My current donkey is intelligent, supremely confident, and considers herself superior to any other creature. She treats me like a stupid foal, but is fairly tolerant of my lack of brainpower. Before we had her, we think she had never been free in a paddock but always tethered, so we wanted to train her to understand an electric fence so that we could let her run free. We set up a short section of 'live' fence where she could reach it from her tether but without getting tangled up around it. The boys kept an eye on her for a few hours. She considers anything male to be too stupid to understand anything, and took no notice of the boys the whole time, but they carefully observed her jumping out of her skin the first time she touched the fence, and then cautiously testing it first with her nose, and then with just her whiskers until she felt that she understood how it worked. When I turned up (I'm female, and, by donkey's definition, capable of understanding basic communication) she approached the fence, lined her body up at right angles to it, turned her head to face me and fixed me with a steely gaze, with her long white ears pointing straight at me until I noticed her. She does something similar if she sees something she thinks might be a predator, then turns her gaze to where she thinks it's hiding when she has our attention. When she was sure I was looking at her, she turned her head to the electric fence, stretched out her nose towards it, pretended (!) to touch it, and then jumped out of her skin again, before turning to me to see if I had noticed. Trying not to laugh, I went over and repeated what she had done. When she was happy that I'd learned about the new danger and knew how to handle it, she turned her back on me and got on with the serious business of grazing, leaving me to explain it to the men.

 
Linda Sefcik
Posts: 72
Location: Central Oklahoma
  • Mark post as helpful
  • send pies
    Number of slices to send:
    Optional 'thank-you' note:
  • Quote
  • Report post to moderator
Beautiful donkey story.
 
Posts: 33
Location: SW KY--out in the sticks in zone 6.
  • Likes 2
  • Mark post as helpful
  • send pies
    Number of slices to send:
    Optional 'thank-you' note:
  • Quote
  • Report post to moderator
LOVE the donkey story!

Several years ago I had an experience with animals communicating that surprised (and saddened) me.

One of our 3 cats met a sudden death. 10 year old Linda had never been more than tolerant of the 2 year old Pete and Ollie, starving littermates that we had taken in, and for their part, they stayed out of her claw reach. A couple days after her death, Pete 'communicated' his concern to us over her absence. He normally trotted very quietly through the room, but this day he kathumped loudly through the room, coming to a sudden thudding halt right in the middle. He bounded noisily over to the TV and checked behind it where Linda sometimes slept, then equally noisily thundered over to the couch, leapt on the back and looked behind it to check her other preferreed nap area. Then he leapt to the floor, thumped over to the end table at my husbands elbow, jumped up on it (something he knew was not allowed) and stared at my husband with widened eyes. He had made enough noise to make sure we were watching, made it clear he was looking for Linda, and came to one of us for answers. He could not have said "Where the Hell iIS she?!?!" more clearly than if he had spoken the words.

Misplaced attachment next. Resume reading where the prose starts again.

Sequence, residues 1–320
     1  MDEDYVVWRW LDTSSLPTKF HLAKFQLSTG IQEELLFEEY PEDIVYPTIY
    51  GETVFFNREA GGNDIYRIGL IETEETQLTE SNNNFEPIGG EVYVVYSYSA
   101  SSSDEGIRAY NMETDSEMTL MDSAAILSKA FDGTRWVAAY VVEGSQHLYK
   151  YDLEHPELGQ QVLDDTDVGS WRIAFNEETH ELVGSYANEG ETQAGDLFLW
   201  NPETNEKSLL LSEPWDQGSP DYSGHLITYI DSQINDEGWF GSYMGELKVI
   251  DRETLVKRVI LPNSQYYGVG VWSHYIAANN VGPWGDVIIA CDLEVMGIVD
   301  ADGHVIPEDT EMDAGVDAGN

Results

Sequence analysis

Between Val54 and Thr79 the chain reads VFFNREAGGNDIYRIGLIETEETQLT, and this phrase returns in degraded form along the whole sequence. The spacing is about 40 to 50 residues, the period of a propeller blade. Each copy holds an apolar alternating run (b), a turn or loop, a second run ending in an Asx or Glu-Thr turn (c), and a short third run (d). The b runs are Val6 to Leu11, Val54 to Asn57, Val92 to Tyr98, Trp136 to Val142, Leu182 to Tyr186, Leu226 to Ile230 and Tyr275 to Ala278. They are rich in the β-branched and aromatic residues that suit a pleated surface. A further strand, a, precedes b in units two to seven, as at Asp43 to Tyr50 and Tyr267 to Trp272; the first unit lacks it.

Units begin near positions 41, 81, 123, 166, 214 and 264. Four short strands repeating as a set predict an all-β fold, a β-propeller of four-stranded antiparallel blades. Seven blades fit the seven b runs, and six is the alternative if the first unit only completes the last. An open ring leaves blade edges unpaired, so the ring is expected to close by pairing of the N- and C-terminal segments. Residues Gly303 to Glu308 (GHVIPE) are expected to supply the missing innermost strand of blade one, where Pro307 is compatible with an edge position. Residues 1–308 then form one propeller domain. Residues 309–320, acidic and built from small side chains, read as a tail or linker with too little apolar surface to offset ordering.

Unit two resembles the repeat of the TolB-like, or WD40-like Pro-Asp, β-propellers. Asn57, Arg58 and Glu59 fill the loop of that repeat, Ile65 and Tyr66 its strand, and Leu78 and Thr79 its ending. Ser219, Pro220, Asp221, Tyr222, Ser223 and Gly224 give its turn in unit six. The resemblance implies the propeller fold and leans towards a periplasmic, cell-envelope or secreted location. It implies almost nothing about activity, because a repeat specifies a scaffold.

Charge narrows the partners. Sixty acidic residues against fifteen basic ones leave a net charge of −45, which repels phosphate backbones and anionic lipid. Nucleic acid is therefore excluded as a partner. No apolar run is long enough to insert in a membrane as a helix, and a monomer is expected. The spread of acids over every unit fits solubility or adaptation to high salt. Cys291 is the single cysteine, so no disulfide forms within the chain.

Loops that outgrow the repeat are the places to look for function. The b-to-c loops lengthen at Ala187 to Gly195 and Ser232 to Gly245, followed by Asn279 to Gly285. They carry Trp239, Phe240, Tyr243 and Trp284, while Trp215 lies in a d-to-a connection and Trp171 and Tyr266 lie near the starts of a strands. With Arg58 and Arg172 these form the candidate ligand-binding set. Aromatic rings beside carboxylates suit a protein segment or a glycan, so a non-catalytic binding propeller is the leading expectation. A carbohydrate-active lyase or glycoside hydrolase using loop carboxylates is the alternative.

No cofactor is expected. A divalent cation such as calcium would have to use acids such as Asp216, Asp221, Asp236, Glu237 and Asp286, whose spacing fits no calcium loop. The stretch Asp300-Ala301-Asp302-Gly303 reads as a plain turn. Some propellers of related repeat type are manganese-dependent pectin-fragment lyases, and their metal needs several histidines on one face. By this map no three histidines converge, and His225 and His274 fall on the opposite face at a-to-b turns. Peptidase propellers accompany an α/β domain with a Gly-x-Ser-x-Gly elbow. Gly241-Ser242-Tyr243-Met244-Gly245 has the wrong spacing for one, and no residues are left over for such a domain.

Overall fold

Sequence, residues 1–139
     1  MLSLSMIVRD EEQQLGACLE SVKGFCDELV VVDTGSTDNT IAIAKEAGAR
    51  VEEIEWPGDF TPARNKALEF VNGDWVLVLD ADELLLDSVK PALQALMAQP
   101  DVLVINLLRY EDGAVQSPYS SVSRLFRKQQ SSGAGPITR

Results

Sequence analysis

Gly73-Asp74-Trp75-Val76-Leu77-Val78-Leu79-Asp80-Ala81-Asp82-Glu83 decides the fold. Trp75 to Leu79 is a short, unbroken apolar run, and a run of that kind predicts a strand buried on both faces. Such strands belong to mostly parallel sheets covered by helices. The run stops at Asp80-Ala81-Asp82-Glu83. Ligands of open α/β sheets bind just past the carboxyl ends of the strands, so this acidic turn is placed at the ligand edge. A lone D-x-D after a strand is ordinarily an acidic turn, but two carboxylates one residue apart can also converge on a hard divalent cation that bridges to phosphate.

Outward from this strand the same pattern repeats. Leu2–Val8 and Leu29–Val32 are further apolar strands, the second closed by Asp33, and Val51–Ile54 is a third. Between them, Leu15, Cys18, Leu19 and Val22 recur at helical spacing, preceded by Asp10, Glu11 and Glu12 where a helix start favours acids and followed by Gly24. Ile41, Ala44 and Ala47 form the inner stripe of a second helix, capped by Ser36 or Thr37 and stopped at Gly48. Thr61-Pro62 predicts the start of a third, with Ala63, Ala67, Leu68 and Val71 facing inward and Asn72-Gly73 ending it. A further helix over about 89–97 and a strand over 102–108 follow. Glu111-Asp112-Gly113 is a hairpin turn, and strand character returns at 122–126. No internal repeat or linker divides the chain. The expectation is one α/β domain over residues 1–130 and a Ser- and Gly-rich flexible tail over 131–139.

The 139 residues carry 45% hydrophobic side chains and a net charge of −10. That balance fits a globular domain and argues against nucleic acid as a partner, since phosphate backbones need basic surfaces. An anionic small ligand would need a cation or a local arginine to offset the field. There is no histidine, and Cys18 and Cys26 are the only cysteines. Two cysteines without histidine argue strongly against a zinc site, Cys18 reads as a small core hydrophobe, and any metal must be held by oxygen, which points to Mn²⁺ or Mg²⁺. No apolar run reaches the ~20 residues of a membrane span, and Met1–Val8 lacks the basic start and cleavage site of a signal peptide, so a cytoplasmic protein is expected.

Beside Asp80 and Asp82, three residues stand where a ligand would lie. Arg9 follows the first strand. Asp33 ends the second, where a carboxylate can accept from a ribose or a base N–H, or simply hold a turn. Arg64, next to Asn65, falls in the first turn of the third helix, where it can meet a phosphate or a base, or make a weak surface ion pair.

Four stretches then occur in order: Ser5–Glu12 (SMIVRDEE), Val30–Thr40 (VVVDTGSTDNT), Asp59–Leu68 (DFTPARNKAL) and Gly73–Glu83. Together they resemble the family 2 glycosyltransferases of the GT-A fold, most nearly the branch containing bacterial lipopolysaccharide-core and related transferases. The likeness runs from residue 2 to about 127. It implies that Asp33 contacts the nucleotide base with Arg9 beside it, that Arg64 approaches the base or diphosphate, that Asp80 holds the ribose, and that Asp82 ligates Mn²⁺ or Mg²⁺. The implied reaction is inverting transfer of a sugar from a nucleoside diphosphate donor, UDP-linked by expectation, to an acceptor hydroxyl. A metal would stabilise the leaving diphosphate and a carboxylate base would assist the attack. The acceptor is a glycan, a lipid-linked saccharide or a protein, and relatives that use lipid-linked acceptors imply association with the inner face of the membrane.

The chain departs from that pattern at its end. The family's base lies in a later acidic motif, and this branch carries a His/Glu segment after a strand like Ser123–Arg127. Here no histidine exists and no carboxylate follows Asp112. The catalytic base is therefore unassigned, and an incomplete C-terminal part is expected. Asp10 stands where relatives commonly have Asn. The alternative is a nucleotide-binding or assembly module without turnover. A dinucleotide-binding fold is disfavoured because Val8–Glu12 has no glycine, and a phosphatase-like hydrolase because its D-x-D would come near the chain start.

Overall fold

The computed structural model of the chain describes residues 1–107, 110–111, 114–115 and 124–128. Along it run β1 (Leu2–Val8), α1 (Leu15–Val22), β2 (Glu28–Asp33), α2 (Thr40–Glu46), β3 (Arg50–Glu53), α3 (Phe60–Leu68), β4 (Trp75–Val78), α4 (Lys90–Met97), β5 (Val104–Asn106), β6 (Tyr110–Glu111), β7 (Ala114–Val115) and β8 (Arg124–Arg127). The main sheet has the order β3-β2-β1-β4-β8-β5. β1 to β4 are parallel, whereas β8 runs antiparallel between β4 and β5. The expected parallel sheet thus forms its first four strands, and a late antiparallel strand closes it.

Posts: 644
3
  • Likes 3
  • Mark post as helpful
  • send pies
    Number of slices to send:
    Optional 'thank-you' note:
  • Quote
  • Report post to moderator
I had a dog that would smile when she was happy. She picked up that expression of communication as a young pup watching us. My current dog hates when I talk on the phone to someone else and will do everything to get my attention in order to communicate with her.

The Seneca believe that every life is sacred. I agree.
 
Posts: 30
Location: 0deg lat, 1100m elev. Choco-Andean bioregion
1
  • Likes 1
  • Mark post as helpful
  • send pies
    Number of slices to send:
    Optional 'thank-you' note:
  • Quote
  • Report post to moderator
This documentary blew my mind on what was possible as far as communicating with animals goes:

culture unplugged - The Animal Communicator
 
pioneer
Posts: 303
Location: Russia, ~250m altitude, zone 5a, Moscow oblast, in the greater Sergeiv Posad reigon.
33
kids hugelkultur purity forest garden foraging trees chicken earthworks medical herbs rocket stoves homestead
  • Mark post as helpful
  • send pies
    Number of slices to send:
    Optional 'thank-you' note:
  • Quote
  • Report post to moderator
I shall have to watch animals more carefully in the future...
 
Posts: 107
19
  • Likes 3
  • Mark post as helpful
  • send pies
    Number of slices to send:
    Optional 'thank-you' note:
  • Quote
  • Report post to moderator
Never believe a person that tells you animals can't or won't communicate.

My experience would fill several volumes. Even just a few minutes ago, my dog stood at the door of his crate and whined. This is what he does when he wants the crate door opened (I sometimes forget to open it back up after playing fetch with him). That ain't English, but it's as plain as day and universally understood if a person is observant.

Whenever he wants something, he will find me and stare intently into my eyes. If I ignore that, he will start to whine. I will get up and then he will try to get me to follow him and lead me to what he wants. Whenever we are away from home for awhile and return, he shows his excitement; he's happy we are back.